1. Past behaviour of users accessing a service on phone, such as self-airtime top-up using USSD channel, results in rapid uptake of mobile money usage;
  2. Robust technology provides positive experience to mobile money users.

It should be noted that unbundled menus are a design feature, and may not actually be an advantage specific to USSD. An unbundled menu may have negative implications as well. For instance, novice and occasional users may find it challenging to navigate to the required option as the probability of a session time-out increases with a more detailed menu.

1. Extension of Status Quo Behaviour 

Unlike countries like India, where agents electronically top-up airtime for customers, airtime scratch cards seem to be the most preferred mode of self-top up among Malawi’s growing base of mobile subscribers.

These prepaid users, both semi-literate and illiterate, are not only numerate; but are also familiar with the USSD channel which they frequently use for airtime top-up (i.e., they top-up airtime by entering the scratch card number using a USSD short code such as *XXX*1234 1234 1234#). Starting mobile money USSD sessions and entering numeric responses are not new for these users, but rather an extension of their conventional practice for airtime top-ups. Eventually, these users become confident of accessing their mobile money accounts over the USSD channel.

2. Quick Access to Sessions and Fast Response Time 

USSD is simple and easy to use. The user dials a short code *XXX#, presses the call button on the mobile phone and starts interacting with the platform. USSD provides fast access to mobile money menus.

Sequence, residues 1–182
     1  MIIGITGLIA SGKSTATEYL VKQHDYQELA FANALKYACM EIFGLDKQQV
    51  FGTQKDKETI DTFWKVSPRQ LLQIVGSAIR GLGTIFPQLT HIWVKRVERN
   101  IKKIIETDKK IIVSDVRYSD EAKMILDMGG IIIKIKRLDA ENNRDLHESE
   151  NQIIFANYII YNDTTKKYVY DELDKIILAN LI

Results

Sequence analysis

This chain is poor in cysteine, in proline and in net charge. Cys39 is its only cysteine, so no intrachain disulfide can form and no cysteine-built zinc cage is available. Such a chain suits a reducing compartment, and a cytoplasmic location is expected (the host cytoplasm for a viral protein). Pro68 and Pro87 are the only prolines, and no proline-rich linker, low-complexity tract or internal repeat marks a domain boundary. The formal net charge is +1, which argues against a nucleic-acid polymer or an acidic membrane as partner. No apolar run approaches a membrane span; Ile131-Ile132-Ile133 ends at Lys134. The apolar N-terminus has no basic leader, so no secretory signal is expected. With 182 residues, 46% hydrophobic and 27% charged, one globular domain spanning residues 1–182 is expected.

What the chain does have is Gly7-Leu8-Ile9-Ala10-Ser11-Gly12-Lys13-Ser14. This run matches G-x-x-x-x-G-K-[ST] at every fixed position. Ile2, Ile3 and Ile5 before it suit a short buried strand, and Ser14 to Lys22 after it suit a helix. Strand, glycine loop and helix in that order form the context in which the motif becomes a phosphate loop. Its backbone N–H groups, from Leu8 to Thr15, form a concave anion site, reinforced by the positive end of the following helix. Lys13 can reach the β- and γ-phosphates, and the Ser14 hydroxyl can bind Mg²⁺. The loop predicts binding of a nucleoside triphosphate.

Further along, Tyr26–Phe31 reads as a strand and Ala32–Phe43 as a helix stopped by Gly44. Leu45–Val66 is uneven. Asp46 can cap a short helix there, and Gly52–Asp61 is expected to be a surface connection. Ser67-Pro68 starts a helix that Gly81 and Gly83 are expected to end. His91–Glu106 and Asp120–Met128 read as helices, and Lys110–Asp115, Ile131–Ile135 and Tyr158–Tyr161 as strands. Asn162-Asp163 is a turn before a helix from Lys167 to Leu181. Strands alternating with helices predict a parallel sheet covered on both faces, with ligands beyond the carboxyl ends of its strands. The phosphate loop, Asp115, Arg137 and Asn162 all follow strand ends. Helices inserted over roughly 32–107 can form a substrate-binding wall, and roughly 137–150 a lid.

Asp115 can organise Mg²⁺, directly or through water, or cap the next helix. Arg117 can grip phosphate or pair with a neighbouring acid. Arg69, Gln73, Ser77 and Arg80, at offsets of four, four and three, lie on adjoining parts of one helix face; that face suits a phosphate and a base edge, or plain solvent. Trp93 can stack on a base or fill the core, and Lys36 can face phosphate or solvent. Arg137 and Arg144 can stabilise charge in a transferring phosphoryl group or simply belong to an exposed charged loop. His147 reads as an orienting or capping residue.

USSD is session based and the system’s response time between an action point and the user’s response is usually fast. In addition, depending on the provider, users have less time during USSD sessions, compared to STK or other UIs, to input their responses and prevent a session drop-out. This, of course, acts as a major deterrent for novice users. Experienced users, however, are familiar with the channel and complete their transactions quickly while using USSD menus. The users also do not need to wait for any text message confirming their transaction status as such communication is received immediately through flash messages.

3. Easy to Recognise Network Downtime

USSD establishes a real-time connection with servers at the back-end and allows true session-based communication. Compared to STK, where users become conscious of network failure at a much later stage after entering responses, USSD users become quickly aware of session drop-outs and hence, can re-initiate the USSD session much earlier than the STK platform. 

4. User Friendly Design, Detailed Menu, and Easy Navigation

In multiple blogs, MicroSave has categorised USSD menus as bundled and unbundled. A bundled menu has limited options in the main menu and requires further navigation to explore sub-menu options. The unbundled menu however, is more detailed with a list of various options in the main menu itself. The research found that this detailed menu is commonly preferred by mobile money users in Malawi. The inclination towards USSD is primarily due to the availability of detailed menus and the preferred use-cases being placed at the beginning of the main menu such as money transfer and airtime purchase. This enables users to easily locate their preferred options and complete their transaction without navigating through multiple menus. Furthermore, users find the menu content to be simple, uniform and easy to interpret.